Archive for May 14th, 2009

Beggars Would Ride

Sharon May 14th, 2009

At the end of last year, I predicted that by the end of this year, the US would have experienced an economic collapse into a deep Depression.  Despite the rhetoric about bottoms and “green shoots” my own take is that we’re on target for that outcome – the realities of losing millions of jobs through the auto company bankruptcies (now inevitable, at least in the case of Chrysler and GM), the hundreds of thousands of teachers and state employees on the chopping block, and the expected losses, which even the IMF’s conservative estimates mark as stunning, combined with the deep economic crisis of the states and declining tax revenues and massively increasing deficits means that it is very unlikely that we’ve seen anything like a bottom.

Indeed, my 2009 predictions suggested that the rally brought about by a new president and completely irrational exuberance would probably last until mid-summer – if anything, I may have been too optimistic (not something I get accused of a lot ;-) ).  I still may well be wrong about this – others will tell us that we’ll see a recovery.  But I find it very hard to believe we are not facing a major crisis, if not when I expected, not far after.  The recent evidence linking the economic crisis to the oil price spike points out that when/if growth gets going again, we’re likely to see the same boom and bust cycle, only shorter.

Add to that the fact that I don’t see consumer confidence recovering soon – the reason being that price volatility and economic instability are not going away – whether oil crashes further (perfectly possible) or we see a short term recovery, price spike and collapse again, food prices are likely to remain volatile in a tight market, and people will never know for sure whether their heating bills, gas costs and grocery budgets will be small or large.  That kind of economic instability undermines the desire to purchase – even if things seem to be getting better, as they seemed in April, consumers aren’t buying because they are afraid (correctly) of the next wave of instability.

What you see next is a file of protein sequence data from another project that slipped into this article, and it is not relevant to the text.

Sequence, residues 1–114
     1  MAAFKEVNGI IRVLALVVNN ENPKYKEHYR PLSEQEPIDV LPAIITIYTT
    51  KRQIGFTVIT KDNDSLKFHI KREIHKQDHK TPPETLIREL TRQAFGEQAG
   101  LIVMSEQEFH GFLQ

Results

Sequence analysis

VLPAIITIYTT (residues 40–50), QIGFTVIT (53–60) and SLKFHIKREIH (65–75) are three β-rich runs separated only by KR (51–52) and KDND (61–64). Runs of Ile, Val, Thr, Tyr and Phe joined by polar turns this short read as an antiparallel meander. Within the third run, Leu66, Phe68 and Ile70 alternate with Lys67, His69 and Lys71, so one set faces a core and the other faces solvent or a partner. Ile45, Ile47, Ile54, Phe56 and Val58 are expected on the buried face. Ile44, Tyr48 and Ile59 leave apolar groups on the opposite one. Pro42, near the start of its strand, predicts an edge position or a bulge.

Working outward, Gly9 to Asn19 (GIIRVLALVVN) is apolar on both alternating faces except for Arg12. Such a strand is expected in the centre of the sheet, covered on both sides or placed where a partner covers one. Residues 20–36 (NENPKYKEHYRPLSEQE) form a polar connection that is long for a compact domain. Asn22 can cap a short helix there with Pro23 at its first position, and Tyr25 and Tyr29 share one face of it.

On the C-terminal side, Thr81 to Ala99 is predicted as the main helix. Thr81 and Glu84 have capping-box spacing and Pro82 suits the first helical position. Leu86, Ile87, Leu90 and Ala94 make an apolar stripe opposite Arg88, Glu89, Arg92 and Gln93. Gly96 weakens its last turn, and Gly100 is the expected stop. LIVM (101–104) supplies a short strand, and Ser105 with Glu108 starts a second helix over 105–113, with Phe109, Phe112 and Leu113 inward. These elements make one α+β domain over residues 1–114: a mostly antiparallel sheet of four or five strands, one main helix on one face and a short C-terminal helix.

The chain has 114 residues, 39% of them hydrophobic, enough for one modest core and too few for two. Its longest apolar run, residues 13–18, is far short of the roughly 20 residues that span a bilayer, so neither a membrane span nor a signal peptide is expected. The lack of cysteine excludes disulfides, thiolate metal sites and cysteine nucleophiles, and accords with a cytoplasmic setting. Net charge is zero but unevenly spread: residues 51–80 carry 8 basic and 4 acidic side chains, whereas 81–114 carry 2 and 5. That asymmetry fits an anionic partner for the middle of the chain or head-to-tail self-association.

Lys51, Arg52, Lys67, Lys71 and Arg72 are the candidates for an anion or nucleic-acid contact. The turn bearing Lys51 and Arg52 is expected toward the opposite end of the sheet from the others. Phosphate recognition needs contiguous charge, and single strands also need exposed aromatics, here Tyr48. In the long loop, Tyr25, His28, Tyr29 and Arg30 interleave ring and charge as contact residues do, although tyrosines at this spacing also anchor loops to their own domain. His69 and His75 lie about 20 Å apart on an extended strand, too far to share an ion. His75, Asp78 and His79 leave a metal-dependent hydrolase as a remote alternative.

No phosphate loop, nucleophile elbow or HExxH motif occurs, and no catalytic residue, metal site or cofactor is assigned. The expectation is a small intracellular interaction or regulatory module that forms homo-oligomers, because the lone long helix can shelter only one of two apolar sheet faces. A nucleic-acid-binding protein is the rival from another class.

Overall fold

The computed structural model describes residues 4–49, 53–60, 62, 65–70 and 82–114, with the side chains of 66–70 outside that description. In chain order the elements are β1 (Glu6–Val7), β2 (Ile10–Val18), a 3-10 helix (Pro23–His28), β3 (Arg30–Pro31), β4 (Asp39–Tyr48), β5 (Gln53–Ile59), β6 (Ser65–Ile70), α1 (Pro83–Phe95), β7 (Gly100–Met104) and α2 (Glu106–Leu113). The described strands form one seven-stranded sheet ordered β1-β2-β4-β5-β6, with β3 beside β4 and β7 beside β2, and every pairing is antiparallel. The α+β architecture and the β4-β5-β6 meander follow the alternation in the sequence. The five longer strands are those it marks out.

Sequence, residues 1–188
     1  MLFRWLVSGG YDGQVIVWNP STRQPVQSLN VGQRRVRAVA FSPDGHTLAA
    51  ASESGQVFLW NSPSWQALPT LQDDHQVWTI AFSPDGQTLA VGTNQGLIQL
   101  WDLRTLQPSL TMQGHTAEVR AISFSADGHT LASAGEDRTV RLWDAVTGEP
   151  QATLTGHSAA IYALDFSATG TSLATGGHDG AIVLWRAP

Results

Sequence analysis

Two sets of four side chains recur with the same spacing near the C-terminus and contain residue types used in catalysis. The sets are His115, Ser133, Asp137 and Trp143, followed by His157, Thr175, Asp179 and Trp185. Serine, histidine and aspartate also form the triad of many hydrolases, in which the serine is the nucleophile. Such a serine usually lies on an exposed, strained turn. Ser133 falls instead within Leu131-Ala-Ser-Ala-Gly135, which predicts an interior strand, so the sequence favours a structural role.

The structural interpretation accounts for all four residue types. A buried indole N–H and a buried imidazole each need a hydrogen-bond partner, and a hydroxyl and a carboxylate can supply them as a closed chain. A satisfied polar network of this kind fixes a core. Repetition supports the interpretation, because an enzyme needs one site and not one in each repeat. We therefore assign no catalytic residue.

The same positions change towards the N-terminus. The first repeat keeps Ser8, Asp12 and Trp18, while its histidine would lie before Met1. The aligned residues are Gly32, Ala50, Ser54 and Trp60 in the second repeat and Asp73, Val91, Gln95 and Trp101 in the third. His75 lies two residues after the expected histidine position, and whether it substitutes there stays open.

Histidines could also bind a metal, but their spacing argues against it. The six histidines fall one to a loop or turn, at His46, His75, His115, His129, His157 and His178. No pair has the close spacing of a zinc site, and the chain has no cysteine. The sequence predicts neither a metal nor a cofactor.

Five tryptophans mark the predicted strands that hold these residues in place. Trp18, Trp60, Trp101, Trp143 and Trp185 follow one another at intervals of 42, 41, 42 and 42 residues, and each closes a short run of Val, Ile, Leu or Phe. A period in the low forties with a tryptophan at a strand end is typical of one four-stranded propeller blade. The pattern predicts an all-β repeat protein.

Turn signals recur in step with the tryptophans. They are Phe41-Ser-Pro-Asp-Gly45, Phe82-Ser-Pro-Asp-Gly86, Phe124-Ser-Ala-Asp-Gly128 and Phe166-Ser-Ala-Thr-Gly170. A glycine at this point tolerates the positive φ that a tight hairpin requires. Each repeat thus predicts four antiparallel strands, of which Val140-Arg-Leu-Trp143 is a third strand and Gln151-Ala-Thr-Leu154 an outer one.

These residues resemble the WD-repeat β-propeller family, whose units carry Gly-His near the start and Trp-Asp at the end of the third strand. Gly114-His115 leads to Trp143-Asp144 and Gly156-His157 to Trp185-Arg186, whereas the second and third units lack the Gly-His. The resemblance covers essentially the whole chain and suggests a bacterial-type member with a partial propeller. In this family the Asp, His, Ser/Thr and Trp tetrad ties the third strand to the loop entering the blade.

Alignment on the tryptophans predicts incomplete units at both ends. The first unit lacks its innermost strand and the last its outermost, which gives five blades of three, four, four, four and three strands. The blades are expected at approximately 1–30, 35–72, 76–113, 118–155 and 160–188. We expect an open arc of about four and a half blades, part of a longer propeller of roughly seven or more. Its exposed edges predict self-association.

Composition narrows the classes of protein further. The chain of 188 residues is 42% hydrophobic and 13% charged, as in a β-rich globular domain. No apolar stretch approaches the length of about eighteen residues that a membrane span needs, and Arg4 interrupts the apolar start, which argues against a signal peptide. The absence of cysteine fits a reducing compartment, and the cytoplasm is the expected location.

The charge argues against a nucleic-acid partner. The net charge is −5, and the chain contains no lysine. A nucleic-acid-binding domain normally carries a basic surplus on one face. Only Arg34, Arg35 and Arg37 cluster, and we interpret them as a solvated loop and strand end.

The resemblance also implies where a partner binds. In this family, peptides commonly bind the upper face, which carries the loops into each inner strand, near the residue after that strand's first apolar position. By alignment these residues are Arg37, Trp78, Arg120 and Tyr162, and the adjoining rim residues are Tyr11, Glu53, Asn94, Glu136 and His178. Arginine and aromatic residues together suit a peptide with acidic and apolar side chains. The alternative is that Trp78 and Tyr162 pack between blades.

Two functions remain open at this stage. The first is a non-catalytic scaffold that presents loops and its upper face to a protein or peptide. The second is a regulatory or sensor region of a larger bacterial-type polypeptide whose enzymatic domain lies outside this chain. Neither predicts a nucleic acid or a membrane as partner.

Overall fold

The news that Medicare will be bankrupt in 8 years (and that figure is based on a sustained recovery – we can expect to see it shortened next year, I suspect) means that older consumers, who disproportionately hold the nation’s wealth, have even fewer reasons to spend – they now know they may be struggling on their fixed incomes with heating, gas and food costs, but also with more health care costs not covered by Medicare.  Most baby boomers did not prepare for a future in which more or all of their health care costs have to be paid by them or through private insurance – they are already concerned about drug costs, for example, but Medicare’s economic instability means that they must expect to bear more of the health care costs themselves.

But this post is primarily not about what might bring about a major crisis (and right now I think we are in a minor crisis, although, of course, many people experience it as dire), but about the impulse to put it off just a little longer.